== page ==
Incredible video reveals the tiny solar-powered ‘RoboBEE’ which flaps its wings 170 times a second to stay aloft and could be used to monitor the natural environment
- Researchers have built a new robot insect that is capable of untethered flight
- Weighing only 259 milligrams, the insect is light enough to land on leaves
- RoboBee X-WingIt uses solar panels situated over its wings to collect its power
- The six tiny solar cells weigh only 10 milligrams each and are located above the wings so as not to interfere with flight
A lightweight insect robot has been created which is capable of flying without being tethered to a power source, by using energy from light.
Incredible footage reveals the solar-powered RoboBee X-Wing which uses four wings which flap at a rate of 170 times per second to fly, instead of a propeller.
Developed by a team from Harvard University, the robot has a wingspan of 1.4 inches (3.5 centimetres) and could be used to monitor the environment.
Weighing only 259 milligrams, the insect is light enough to land on leaves and tiny enough to manoeuvre through small spaces.
Wings are far superior to propellers, but scientists have struggled to replicate the natural control that insects and birds.
HOW DO ROBO BEE’S SOLAR PANELS WORK?
The solar cells are connected to an electronics panel under the bee, which converts the low voltage signals of the solar array into high voltage drive signals needed to control the actuators.
The solar cells sit about three centimeters above the wings, to avoid interference.
In all, the final vehicle, with the solar cells and electronics, weights 259 milligrams (about a quarter of a paper clip) and uses about 120 milliwatts of power, which is less power than it would take to light a single bulb on a string of LED Christmas lights
Noah Jafferis and his colleagues suggest that if they can make wings work, the flying robots will be more agile and quieter than any other man-made machine.
RoboBee uses solar panels situated over its wings to collect its own power, removing the need for an external power source.
Its wings are controlled by two muscle-like plates that contract when voltage passes through the
The six tiny solar cells weigh only 10 milligrams each and are located above the wings so as not to interfere with flight.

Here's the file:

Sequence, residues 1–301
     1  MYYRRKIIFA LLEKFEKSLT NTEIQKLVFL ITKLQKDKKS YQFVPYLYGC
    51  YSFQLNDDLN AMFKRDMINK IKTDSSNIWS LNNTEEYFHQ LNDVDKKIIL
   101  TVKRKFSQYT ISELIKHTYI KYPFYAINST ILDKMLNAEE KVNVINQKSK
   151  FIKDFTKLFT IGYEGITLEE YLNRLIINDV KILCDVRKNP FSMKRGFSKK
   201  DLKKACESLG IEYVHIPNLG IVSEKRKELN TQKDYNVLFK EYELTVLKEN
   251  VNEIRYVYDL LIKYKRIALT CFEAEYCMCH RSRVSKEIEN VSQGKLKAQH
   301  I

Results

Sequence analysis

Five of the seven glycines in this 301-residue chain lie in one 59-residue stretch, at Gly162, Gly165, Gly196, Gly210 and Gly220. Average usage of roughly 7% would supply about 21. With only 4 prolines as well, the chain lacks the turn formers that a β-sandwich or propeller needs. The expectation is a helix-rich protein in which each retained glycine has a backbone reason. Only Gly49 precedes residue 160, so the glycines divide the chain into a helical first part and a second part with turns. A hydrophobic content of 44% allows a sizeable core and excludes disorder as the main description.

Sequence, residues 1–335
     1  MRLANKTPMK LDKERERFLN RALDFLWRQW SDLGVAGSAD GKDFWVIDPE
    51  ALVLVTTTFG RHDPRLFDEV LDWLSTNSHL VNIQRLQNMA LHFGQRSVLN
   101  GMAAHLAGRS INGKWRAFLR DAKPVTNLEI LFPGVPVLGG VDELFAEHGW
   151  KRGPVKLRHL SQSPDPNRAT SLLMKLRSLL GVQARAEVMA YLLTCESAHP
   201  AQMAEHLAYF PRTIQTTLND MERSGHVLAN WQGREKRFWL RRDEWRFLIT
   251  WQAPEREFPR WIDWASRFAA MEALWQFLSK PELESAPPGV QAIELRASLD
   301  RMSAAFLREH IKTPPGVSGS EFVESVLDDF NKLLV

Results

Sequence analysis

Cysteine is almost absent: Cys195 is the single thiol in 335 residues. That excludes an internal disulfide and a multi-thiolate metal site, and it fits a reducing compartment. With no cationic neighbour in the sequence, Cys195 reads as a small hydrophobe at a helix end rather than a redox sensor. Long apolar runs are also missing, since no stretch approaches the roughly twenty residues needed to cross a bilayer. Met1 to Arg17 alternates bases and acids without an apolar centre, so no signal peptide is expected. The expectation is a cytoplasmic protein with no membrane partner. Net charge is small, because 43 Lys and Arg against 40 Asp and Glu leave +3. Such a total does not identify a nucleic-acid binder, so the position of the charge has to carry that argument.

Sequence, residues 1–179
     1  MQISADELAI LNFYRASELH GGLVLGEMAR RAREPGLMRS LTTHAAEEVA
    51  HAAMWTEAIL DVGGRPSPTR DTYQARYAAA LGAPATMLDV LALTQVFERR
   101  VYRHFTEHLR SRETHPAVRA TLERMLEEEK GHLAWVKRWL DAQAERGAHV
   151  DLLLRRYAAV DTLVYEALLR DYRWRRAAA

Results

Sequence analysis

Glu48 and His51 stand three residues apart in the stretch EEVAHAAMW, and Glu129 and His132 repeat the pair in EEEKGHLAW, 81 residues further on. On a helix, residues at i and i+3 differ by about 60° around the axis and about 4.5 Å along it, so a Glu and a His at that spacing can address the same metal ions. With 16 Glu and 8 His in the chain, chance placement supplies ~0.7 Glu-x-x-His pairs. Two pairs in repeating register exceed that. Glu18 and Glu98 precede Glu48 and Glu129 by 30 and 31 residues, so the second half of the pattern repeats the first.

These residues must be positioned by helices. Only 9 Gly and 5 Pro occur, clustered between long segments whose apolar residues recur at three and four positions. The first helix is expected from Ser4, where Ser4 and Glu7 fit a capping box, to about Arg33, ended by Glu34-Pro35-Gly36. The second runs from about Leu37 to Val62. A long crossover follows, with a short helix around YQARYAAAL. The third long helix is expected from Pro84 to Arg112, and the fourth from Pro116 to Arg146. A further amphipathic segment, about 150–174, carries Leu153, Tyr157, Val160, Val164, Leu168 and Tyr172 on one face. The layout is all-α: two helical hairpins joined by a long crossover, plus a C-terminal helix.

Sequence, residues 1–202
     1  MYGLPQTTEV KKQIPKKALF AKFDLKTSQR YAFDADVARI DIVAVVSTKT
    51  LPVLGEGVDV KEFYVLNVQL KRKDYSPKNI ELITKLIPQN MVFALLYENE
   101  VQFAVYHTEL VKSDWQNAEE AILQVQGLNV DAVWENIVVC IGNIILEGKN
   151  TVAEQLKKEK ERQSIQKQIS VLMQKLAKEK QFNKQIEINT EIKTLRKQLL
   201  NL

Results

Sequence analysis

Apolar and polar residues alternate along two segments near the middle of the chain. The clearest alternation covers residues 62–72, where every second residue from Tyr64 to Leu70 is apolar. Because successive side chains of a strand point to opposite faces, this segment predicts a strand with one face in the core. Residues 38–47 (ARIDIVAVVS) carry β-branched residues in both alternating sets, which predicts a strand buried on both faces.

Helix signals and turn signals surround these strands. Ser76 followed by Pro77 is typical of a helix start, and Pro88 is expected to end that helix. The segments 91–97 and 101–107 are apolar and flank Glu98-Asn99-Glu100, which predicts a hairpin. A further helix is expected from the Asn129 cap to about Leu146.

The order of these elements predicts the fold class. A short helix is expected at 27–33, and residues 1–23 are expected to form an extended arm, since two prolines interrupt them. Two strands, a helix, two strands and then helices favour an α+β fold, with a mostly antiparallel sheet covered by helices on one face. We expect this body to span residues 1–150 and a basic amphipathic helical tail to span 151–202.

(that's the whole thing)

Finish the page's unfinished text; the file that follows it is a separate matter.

However, the panels require an intense amount of light to power up, three times the strength of sunlight, which means outdoor flight is impossible at the moment.
RoboBee normally flies for around half a second before it flies out of the light.
Insect-based robots micro-engineered to mimic winged flight are not a new idea.
A lightweight insect robot is capable of flying without being tethered to a power source, by using energy from light. The solar-powered RoboBee X-WingIt and has four wings which flap at a rate of 170 times per second, instead of a propeller to take off
There have been previous iterations of insect robots, including older versions of the RoboBee, but they have all required been connected by a lead to a power source.
‘This is a result several decades in the making,’ said Professor Robert Wood, from Engineering and Applied Sciences at SEAS and principle investigator of the RoboBee project, in the study.
‘Powering flight is something of a Catch-22 as the trade-off between mass and power becomes extremely problematic at small scales where flight is inherently inefficient.
‘It doesn’t help that even the smallest commercially available batteries weigh much more than the robot.
‘We have developed strategies to address this challenge by increasing vehicle efficiency, creating extremely lightweight power circuits, and integrating high efficiency solar cells.’
Developed by a team from Harvard University, the robot has a wingspan of 3.5 centimetres and could be used to monitor the environment. Weighing only 259 milligrams, the insect is light enough to land on leaves and tiny enough to manoeuvre through small spaces
The team hopes the robot will be able to fly in regular sunlight, and have sensing mechanisms built in.
‘It can then really control what it’s doing when it’s flying around,’ said Noah Jafferis, who led the study.
‘It’s very light for its size, he says. ‘If you needed to land on a leaf, you could, whereas a commercial quadcopter would be too heavy to do that.’
The research is published in Nature.
HOW DOES THE ROBO BEE ACHIEVE FLIGHT WITHOUT POWER?
To achieve untethered flight, this latest iteration of the Robobee underwent several important changes, including the addition of a second pair of wings.
The change from two to four wings, along with less visible changes to the actuator and transmission ratio, made the vehicle more efficient, gave it more lift, and allowed us to put everything we need on-board without using more power, the team said.
The extra lift, with no additional power requirements, allowed the researchers to cut the power cord — which has kept the Robobee tethered for nearly a decade — and attach solar cells and an electronics panel to the vehicle.
The solar cells, the smallest commercially available, weigh 10 milligrams each and get 0.76 milliwatts per milligram of power when the sun is at full intensity.
The Robobee X-Wing needs the power of about three Earth suns to fly, making outdoor flight out of reach for now. Instead, the researchers simulate that level of sunlight in the lab with halogen lights.